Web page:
It is an old adage that book learning and real-world experience are, generally speaking, two separate things. However, one of the books at the Newberry, a copy of Sebastian Serlio’s architectural treatise Tutte l’opere d’architettura (All the works of architecture) is an example of a book that has profoundly shaped the real-life experience of people in the western world for several centuries.
Sebastian Serlio (1475-c.1553), was an Italian Renaissance Architect born in Bologna. He trained first as a painter, subsequently became a student of the architect Baldassare Peruzzi, and during his time in Rome from about 1514 to 1525 was influenced by the circle of the architect Bramante. Serlio worked in many places throughout Italy, including Rome, Bologna, and Venice, before he was hired by King Henry II of France to work at Fountainbleau. Today only a few structures in Italy, a doorway at Fountainbleau, and the Chateau d’Ancy-le-Frnac near Tonnerre (c. 1541-50) survive of Serlio’s own architectural designs. However, his architectural treatise, written and published in a series of five books from 1545 to 1547—with the seventh book published in 1619 and the sixth not until 1966—became one of the most influential Renaissance architectural treatises and a foundational text for several generations of major architects who created a neoclassical style in the sixteenth through eighteenth centuries and beyond.
Though the first major architectural treatise of the Renaissance was Leon Battista Alberti’s De Res Aedificatoria (1485), Serlio’s treatise quickly became an invaluable practical resource for architects in part due to the large number of illustrations that dominate nearly every page of the text. Serlio’s text and illustrations, like Alberti’s, draw extensively on Vitruvius’ De Architectura (1st century BCE) as well as his own experience of Roman ruins and the classically inspired designs of his own sixteenth-century contemporaries. The title page of Book 3 of the treatise depicting a scene of Roman ruins over which is written the Latin tag: Roma Quanta Fuit Ruina Ipsa Docet (the ruins of Rome teach how great it was), encapsulates the book’s presentation of an approach to architecture rooted in the Roman past [fig. 1].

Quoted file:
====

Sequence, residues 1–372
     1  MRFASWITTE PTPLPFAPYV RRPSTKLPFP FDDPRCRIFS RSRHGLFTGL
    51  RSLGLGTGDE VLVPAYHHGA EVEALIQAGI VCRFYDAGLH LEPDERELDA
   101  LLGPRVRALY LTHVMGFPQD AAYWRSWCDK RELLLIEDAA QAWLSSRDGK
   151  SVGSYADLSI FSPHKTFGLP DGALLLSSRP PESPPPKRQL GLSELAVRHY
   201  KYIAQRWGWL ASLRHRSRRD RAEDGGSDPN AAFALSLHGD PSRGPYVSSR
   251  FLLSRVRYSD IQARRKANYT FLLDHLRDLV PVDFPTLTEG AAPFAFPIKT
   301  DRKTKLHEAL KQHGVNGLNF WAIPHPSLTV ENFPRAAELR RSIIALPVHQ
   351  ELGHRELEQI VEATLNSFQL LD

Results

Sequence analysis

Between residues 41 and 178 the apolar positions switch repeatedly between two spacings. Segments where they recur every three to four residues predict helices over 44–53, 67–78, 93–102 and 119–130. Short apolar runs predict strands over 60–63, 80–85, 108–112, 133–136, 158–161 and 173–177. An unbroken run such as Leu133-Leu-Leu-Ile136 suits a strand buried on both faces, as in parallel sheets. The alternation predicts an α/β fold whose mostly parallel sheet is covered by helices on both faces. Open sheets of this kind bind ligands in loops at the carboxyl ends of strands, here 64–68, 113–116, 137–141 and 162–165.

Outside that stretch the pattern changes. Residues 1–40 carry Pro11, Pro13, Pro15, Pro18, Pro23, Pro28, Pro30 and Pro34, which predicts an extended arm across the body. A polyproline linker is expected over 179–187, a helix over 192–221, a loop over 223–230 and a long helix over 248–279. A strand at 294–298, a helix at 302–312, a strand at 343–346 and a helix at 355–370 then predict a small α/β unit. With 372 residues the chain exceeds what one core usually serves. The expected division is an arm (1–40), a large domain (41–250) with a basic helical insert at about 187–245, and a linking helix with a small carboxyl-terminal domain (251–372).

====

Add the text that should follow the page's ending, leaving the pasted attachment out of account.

The Newberry’s copy of Serlio’s treatise is the English translation of 1611, a handsome folio-sized book replete with beautifully executed woodcuts on both sides of nearly every one of its one hundred ninety-nine leaves. The five books in the volume provide the architect with a series of studies covering the major aspects of the inspiration for and practice of creating a classically inspired architectural style. The treatise builds from an introduction to geometry and perspective in Books 1 &and 2, [fig. 2] to illustrations of antique Roman buildings in Book 3, the rules of masonry and decoration in Book 4, and an examination of temples in Book 5. In explaining the principles of proportion, geometry, and decoration, the illustrations go beyond the scope of buildings to encompass depictions of other art objects [fig. 3] and even a sample alphabet showing appropriate letter forms for architectural edifices [fig. 4].
Paging through the Newberry’s edition of Serlio, one can see the influence, both direct and indirect, of its illustrations on buildings that still stand in Europe and the United States to this day. The 1611 English translation of Serlio directy influenced the English adaptation of the Palladian classical style of architecture, starting with the work of the early seventeenth-century architect, Inigo Jones [figs. 5 and 6]. Christopher Wren also had this edition of Serlio in hand when he designed the new Saint Paul’s Cathedral in London [fig 7]. The classically inspired work of both these architects and the continued influence of Serlio’s treatise were in turn among the important influences for the design of many of the buildings in Washington DC including the White House [figs. 8 and 9] and the Jefferson Memorial [figs. 10, 11 and 12]. The structures of the “White City” of the Chicago World’s Fair of 1894 owe their debt as well to this tradition [fig. 13]. Even the Romanesque arches and columns we see today on the front of the Newberry may be said to owe an indirect debt to the revival of interest in classical architecture that Serlio’s treatise sparked [figs. 14 and 15]. Thus, this seventeenth-century book has proved instrumental for the design and construction of real life buildings across four centuries. To take a turn through its pages is also to take a tour through the arches, domes, columns, and masonry of some of the architectural masterpieces of the western world.
Posted by Laura Aydelotte, Interim Assistant Director for the Newberry Center for Renaissance Studies.